Following a lengthy legal battle, a U.K. citizen failed to contest his deportation order from Canada — until the feds ‘misgendered’ him in legal documents.
In the case of Canada (Public Safety and Emergency Preparedness) v. Ewen, the Federal Court of Appeal overturned the delayed deportation order for Colin James Ewen on November 16.
The Brit received an assault conviction in 2019 that rendered him ineligible to remain in Canada.
Set for deportation on June 7, now retired Federal Court Judge Richard Bell suspended Ewen’s immigration order then to inquire if using gender-neutral pronouns in a single government document violated the man’s Charter rights.
The judge told Ewen, who uses “he/him” pronouns, and government lawyer Nathan Joyal that the government used gender-neutral pronouns “they/them” alongside “he/him” in a document filed the day before.
Bell asked Joyal if this constituted the government ‘misgendering’ Ewen, which “some social scientists say” is akin to committing violence against them, he said.
The ordeal perplexed Canada’s legal community, including a panel of three judges on the appeals court.
On behalf of the panel, Chief Justice Yves de Montigny took apart Bell’s “flawed” course of action, claiming Bell “exceeded his jurisdiction and overstepped his role as an independent and impartial judicial decision-maker.”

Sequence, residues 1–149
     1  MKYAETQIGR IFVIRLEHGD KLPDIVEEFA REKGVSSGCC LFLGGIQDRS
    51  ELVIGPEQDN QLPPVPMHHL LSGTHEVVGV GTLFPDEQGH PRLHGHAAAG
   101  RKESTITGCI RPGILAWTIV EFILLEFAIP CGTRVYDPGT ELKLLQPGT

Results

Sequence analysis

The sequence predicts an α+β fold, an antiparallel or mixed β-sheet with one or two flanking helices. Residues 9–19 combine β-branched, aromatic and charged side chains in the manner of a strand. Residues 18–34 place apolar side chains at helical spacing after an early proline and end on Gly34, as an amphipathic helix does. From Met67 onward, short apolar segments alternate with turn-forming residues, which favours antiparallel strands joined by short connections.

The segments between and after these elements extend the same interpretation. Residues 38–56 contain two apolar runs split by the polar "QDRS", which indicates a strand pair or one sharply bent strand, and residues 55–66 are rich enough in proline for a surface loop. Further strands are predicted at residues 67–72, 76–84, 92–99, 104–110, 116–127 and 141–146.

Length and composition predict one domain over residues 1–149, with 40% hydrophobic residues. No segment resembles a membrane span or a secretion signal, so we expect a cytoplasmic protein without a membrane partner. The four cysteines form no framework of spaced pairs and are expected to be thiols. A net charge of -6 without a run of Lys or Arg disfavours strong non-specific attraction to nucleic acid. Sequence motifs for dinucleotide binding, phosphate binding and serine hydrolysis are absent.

“It is obvious that [Bell] put an issue to the parties that was of particular interest to him, and that he knew such issue would come as a surprise to the parties,” read the ruling Thursday.
De Montigny said raising the Charter question had “no basis” in immigration laws, calling the suspended deportation order an “inappropriate,” “unwarranted” and “unrelated” issue concerning the case.
“He could be seen as going ‘in search of a wrong to right’,” wrote De Montigny, who contends Ewen should have raised the issue himself if the pronouns in the government document profoundly affected him.
Following the verdict by the appeals judges, Immigration Canada must now secure a new deportation date for Ewen.
The deportee did not return a request for comment by the National Post as of writing.